SARS-CoV-2 is a novel beta-coronavirus single-stranded RNA virus with similarities to the middle east respiratory syndrome coronavirus (MERS-CoV) and severe acute respiratory syndrome coronavirus (SARS-CoV). The World Health Organization (WHO) named the disease caused by the SARS-CoV-2 spread in 2019 as COVID-19 that usually manifests with nonspecific mild symptoms such as myalgia, cough, fever, and diarrhea with or without dyspnea. However, severe manifestations, including acute respiratory distress syndrome (ARDS), sepsis, and septic shock, are increasingly reported (1).
It has been shown that in some cases of SARS-CoV-2 infection, an uncontrolled immune response following the hyperactivation of macrophages and monocytes induces a massive release of pro-inflammatory cytokines such as interleukin-2 (IL-2), IL-6, IL-1β, and tumor necrosis factor α (TNFα). This “cytokine storm” can lead to potentially fatal complications such as severe pneumonia, ARDS, and multi-organ failure (2, 3). It was shown that the COVID-19 patients requiring intensive care had higher blood plasma levels of these cytokines (4). Moreover, IL-6 levels were relatively higher in non-survivors than survivors (5). Considering the critical role of cytokine storm in the prognosis of COVID-19, suppression of this inflammatory phenomenon can theoretically reduce COVID-19 morbidity and mortality (6).
Most of the available evidence regarding the use of corticosteroids in patients presenting with ARDS is based on experimental studies on the SARS-CoV and MERS-CoV viruses; however, their results are controversial, and only a few studies have directly investigated the effects of corticosteroids on COVID-19. Theoretically, corticosteroids control inflammatory responses in severe acute respiratory infections by regulating the signaling pathways derived from cell membranes or intracellular mediators, inhibiting the adhesion and action of proinflammatory cytokines, and increasing the production of anti-inflammatory mediators (6). According to an in vitro study, Ciclesonide, an inhaled corticosteroid, exhibited direct antiviral activity against the MERS-CoV and SARS-CoV viruses (7). Another observational study on 84 patients with COVID-19-related ARDS showed a significantly lower mortality rate in the patients treated with methylprednisolone compared with those who received no corticosteroids (8). On the other hand, a meta-analysis involving 5270 subjects with SARS-CoV, SARS-CoV2, or MERS-CoV infections found that treatment with corticosteroids was associated with significantly longer hospital stay (95% CI = 5.26 - 7.37, mean difference (MD) = 6.31) and higher rates of bacterial infections (relative risk (RR) = 2.08, 95% CI = 1.54 - 2.81), hypokalemia (RR = 2.21, 95% CI =1.07 - 4.55), and mortality (RR = 2.11, 95% CI = 1.13 - 3.94) (9). Similarly, Li et al. reviewed 11 studies involving 5249 subjects with coronavirus infections, reporting a significant increase in delayed virus clearance (95% CI = 1.16 - 6.41 days, MD = 3.78 days) and hospitalization duration (95% CI = 5.15-14.18 days, MD = 9.66 days), but no significant reduction was observed in the mortality rate (10). Recently, dexamethasone has been announced as a "lifesaving scientific breakthrough" in the management of COVID-19, reducing the mortality rate by about one-third in patients on ventilators and one-fifth in the patients requiring oxygen (11).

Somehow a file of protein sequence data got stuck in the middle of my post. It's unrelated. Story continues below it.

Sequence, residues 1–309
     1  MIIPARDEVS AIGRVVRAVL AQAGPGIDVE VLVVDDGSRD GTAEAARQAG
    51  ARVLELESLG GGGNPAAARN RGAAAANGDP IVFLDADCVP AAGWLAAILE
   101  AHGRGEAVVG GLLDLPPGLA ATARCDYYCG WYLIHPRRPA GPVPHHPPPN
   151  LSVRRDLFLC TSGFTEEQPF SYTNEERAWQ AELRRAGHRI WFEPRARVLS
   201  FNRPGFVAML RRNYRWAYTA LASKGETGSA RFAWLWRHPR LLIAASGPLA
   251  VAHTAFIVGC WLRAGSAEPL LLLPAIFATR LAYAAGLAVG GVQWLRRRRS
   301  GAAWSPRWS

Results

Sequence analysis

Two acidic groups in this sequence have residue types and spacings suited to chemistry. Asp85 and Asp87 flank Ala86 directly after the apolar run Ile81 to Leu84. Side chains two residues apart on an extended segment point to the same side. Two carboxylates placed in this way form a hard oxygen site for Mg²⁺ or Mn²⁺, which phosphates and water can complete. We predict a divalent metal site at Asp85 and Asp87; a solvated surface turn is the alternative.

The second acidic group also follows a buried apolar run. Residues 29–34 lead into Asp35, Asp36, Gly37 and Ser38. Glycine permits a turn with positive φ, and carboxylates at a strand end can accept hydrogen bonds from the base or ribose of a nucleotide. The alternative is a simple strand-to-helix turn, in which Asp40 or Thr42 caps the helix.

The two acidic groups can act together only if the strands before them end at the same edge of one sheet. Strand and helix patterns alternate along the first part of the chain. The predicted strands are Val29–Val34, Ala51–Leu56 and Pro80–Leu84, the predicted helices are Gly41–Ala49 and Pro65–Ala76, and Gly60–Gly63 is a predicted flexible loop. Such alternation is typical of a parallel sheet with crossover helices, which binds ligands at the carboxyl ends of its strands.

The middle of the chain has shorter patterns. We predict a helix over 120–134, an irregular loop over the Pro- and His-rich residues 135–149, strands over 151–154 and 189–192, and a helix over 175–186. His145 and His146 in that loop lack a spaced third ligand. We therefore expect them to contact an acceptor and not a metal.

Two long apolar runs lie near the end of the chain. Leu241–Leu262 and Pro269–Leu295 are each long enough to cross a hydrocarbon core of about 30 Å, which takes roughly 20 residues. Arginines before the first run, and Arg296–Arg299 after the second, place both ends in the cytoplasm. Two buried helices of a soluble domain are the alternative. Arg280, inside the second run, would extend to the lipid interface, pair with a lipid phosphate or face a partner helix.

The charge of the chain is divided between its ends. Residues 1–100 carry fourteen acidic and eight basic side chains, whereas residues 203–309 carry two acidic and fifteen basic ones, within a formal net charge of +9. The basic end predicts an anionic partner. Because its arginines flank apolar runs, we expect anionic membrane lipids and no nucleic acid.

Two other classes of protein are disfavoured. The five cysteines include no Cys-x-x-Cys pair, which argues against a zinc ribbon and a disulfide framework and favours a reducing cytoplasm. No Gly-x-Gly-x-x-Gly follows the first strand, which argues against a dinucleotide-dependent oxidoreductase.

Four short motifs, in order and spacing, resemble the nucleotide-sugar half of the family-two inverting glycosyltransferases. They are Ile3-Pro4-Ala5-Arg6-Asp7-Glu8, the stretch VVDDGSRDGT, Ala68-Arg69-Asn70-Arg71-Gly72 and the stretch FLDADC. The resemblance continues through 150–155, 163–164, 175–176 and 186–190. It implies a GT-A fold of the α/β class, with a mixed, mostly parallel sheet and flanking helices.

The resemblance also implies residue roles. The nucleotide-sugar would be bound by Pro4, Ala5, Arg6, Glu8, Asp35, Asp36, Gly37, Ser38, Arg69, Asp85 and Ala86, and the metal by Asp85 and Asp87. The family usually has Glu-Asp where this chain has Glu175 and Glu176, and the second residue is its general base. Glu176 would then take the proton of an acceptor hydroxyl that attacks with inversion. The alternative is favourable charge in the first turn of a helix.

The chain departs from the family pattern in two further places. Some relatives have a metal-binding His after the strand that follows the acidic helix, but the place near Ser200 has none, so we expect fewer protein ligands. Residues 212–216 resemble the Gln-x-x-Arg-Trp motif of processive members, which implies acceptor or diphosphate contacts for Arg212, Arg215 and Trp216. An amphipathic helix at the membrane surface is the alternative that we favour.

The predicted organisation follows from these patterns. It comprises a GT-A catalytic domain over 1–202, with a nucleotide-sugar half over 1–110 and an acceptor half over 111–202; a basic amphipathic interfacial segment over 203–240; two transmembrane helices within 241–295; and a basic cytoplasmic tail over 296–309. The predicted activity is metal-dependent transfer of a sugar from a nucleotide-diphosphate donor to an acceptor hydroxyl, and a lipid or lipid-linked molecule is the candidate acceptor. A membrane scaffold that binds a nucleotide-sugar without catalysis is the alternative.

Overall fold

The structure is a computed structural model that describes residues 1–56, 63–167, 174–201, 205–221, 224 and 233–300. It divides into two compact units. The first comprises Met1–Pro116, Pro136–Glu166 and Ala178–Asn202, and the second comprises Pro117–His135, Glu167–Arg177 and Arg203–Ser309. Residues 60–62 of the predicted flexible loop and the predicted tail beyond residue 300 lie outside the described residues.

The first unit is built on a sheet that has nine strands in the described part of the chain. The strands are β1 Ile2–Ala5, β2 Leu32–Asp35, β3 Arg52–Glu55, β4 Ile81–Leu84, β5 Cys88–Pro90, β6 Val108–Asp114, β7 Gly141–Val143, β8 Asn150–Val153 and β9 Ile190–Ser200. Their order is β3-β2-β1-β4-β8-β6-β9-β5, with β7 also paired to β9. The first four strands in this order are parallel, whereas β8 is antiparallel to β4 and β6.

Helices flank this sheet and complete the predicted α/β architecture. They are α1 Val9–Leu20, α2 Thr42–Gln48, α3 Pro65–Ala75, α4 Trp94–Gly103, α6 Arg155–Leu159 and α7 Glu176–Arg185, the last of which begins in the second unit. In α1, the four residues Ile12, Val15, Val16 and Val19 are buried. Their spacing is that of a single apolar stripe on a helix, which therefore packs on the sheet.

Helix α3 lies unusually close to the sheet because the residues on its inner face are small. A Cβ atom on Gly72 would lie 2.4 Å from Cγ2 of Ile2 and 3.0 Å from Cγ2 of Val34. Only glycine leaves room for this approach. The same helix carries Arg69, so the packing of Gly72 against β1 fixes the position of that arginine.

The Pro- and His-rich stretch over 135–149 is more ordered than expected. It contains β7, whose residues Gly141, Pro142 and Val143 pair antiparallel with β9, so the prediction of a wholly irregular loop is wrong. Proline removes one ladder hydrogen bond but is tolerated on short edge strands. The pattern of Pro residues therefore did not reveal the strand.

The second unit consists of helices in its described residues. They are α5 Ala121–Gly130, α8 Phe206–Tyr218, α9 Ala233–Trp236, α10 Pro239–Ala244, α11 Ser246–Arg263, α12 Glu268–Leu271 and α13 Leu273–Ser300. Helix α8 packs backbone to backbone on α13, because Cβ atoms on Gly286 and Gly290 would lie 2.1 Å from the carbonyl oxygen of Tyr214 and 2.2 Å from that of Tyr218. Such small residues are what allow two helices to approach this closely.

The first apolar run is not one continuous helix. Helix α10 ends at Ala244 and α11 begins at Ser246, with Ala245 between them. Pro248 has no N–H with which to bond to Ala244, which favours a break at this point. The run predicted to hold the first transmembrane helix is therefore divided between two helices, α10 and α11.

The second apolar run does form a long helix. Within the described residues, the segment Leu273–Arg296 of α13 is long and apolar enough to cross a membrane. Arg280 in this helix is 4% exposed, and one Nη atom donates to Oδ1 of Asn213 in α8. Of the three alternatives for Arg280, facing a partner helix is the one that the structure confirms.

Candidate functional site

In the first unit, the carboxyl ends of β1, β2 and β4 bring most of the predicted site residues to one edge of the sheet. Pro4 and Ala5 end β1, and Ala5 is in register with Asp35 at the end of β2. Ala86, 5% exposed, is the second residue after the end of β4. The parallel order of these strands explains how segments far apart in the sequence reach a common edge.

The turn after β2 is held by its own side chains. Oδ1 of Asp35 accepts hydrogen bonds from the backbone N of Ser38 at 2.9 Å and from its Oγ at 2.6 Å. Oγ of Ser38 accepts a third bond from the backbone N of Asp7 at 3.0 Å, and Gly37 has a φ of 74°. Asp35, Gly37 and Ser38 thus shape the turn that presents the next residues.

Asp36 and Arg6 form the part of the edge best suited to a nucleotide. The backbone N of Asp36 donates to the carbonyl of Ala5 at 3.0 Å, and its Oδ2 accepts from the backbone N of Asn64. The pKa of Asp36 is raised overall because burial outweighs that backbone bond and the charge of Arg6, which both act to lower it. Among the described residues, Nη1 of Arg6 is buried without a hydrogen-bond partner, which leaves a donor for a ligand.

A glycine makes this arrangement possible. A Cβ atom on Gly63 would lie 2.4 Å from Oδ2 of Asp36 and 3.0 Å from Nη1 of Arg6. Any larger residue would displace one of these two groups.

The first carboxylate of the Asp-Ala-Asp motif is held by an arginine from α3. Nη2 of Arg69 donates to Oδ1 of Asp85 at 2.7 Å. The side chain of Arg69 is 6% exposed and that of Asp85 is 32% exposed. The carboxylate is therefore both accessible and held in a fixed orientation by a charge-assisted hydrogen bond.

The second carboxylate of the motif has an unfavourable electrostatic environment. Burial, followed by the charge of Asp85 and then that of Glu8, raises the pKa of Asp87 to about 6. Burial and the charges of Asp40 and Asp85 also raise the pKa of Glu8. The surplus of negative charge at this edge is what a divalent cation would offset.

A recent guideline recommends using corticosteroids in patients who suffer from COVID-19 associated with shock and/or cytokine storm before or after the development of ARDS (6). However, according to the latest reports, the WHO is updating treatment guidelines to include dexamethasone or other steroids (11). Based on what was explained, it seems logical to prescribe corticosteroids for patients with COVID-19 related to septic shock and ARDS. These patients are more likely to develop tissue damage following a cytokine storm. Nevertheless, the advantages and disadvantages of corticosteroids should be kept in mind before prescribing them.
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